You just can't script this stuff - well, actually, yes, you can. Hollywood is currently adapting "Wherever I Wind Up" for the silver screen. In fact, Dickey and fellow knuckleballer Tim Wakefield both appeared in the 2012 film, "Knuckleball."
  Dickey, though, is taking everything in stride. He sees divine fingerprints all over his incredible life story.
  "Yeah, I am amazed - and I'm not" Dickey says. "I know that sounds funny. I feel loved, sure, and His grace is abundant in my life, but I also feel a responsibility. He's given me things to do. It makes me feel like a tool in a good sense of the word, like He's using me to make a difference this side of eternity. I feel a real purpose in that. That's just His way. It also helps me to believe in a God that big. I'm never hopeless."

~ from fca.org ~ 

 
R.A. Dickey with
his wife and four kids
last season in Toronto

   R.A. Dickey's Charity Work

  R.A. Dickey has made helping others an important part of his life. His first charity work was running Honoring the Father Ministries. The faith-based charity provides food, medical supplies, and sports equipment to poor communities in Latin America.

  After the 2011 season, against the wishes of the New York Mets organization, Dickey climbed Mt. Kilimanjaro in Tanzania. The inherent risks of mountain climbing, combined with the wording of Dickey's baseball contract, meant that if he were injured, he would've been cut from the team and lost his $4.25 million 2012 salary. Undaunted by this possibility, Dickey climbed 19,341 feet to reach Uhuru Peak, the highest point in Africa. His efforts raised awareness and over $130,000 for the Bombay Teen Challenge. This organization rescues and cares for human trafficking victims in India.

  India has one of the highest rates of human trafficking in the world. In particular, the sex trade of Mumbai (Bombay) ravages the Indian youth. It has been estimated that there are over 20,000 women and girls held as sex slaves in Kamathipura, one of the world's oldest and largest red-light districts. Recruiters from brothels travel to the poorest and most remote villages in India, luring girls with promises of a job and lodging in the city. Upon arrival, the girls are isolated, tortured, and forced into prostitution. Most of them die of HIV or are thrown to the slum's filthy streets. The women who survive this ghastly treatment are often psychologically destroyed. Rarely is there a happy ending for those who are forced into this gruesome industry.


R.A. Dickey with Bombay Teen Challenge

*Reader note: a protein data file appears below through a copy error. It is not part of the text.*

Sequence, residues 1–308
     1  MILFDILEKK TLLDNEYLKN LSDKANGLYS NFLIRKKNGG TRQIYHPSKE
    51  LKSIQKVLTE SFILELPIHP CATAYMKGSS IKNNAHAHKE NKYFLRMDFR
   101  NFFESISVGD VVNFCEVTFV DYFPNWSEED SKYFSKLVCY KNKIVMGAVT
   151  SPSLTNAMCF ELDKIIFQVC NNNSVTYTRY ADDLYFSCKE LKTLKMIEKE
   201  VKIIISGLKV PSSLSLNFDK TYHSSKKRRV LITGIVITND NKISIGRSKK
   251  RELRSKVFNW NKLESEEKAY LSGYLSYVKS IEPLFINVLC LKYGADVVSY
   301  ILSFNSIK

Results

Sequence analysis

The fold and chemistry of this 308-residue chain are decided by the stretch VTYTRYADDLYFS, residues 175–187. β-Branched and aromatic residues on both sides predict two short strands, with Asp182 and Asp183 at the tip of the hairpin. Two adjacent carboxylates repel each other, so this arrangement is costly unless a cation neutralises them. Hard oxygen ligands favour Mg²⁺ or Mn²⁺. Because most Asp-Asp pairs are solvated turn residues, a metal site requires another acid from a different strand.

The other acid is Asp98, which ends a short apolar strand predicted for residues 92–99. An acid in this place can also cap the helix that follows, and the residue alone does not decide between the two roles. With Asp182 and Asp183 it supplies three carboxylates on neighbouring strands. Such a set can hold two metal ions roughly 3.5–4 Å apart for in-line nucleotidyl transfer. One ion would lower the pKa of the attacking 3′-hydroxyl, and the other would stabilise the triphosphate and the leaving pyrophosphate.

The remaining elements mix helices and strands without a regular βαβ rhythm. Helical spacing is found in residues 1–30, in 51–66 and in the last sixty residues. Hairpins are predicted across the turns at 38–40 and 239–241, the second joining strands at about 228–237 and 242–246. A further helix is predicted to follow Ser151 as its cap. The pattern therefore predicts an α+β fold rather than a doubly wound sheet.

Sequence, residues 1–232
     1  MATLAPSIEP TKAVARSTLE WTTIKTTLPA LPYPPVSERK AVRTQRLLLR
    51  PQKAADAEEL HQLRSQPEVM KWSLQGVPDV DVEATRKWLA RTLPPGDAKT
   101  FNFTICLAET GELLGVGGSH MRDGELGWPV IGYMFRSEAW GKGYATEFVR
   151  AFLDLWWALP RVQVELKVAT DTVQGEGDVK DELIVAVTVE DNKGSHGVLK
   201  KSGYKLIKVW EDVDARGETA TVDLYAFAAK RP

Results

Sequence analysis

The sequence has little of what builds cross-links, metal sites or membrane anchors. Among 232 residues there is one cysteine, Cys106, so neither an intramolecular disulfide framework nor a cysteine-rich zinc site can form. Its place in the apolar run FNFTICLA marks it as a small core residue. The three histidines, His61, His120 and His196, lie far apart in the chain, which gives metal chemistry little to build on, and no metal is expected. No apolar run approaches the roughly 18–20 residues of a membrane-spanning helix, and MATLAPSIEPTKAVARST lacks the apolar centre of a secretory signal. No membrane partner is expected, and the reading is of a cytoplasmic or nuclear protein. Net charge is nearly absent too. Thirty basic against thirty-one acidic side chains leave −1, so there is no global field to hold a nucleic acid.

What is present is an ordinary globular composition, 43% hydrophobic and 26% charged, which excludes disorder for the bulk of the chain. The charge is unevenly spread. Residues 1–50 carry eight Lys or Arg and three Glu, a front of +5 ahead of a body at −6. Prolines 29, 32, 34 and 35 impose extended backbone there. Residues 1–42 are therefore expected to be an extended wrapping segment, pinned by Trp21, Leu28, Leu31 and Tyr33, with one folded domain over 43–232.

R.A. Dickey recently traveled to India with his family to continue raising awareness for the Bombay Teen Challenge. He arrived in Bombay in January and was immediately confronted by the grim reality of human trafficking. Seeing girls as young as his two daughters, 11-year old Gabriel and 9-year old Lila, who had to deal with the aftermath of kidnapping and forced prostitution was extremely upsetting. However, he also found hope in BTC's rescue efforts that have saved over 1,000 lives in the past 23 years. Dickey's daughters made the trip to India with their dad. He wanted to give his girls "a heart for humanity." Both Gabriel and Lila have responded positively to this trip, viewing the redemption of these "living miracles" as an important part of their lives.

  While in Bombay, Dickey and his daughters spent time at Ashagram. A rehabilitation campus, Ashagram is home to over 300 women and children cared for by BTC. The family spent the days playing cricket and singing songs with the children. Dickey, himself a victim of sexual abuse as a child, was deeply touched by the spirit shown by the shelter's youth. Although many of the children are HIV positive, they have hope for their future. This may be the key in the success of the Bombay Teen Challenge. As important as BTC's mission in providing food, healthcare, and shelter for sex trafficking victims is, hope is the most important thing they can give. In the words of Dickey, "this facility is like a beacon of light in the middle of a swamp."


  Dickey has since returned from India and is now a member of the Atlanta Braves. He has also published a memoir titled "Wherever I Wind Up." In the book, Dickey chronicles his childhood abuse, suicidal thoughts as a teenager, and his rise above his personal demons and physical injuries to become a top-level Major League Baseball pitcher. Dickey is hard-working, charitable, and has overcome difficult obstacles to be successful. We can safely call him a good sports role model for us all.

 

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R.A. DICKEY
"Wherever I Wind Up:
My Quest for Truth, Authenticity, and the Perfect Knuckleball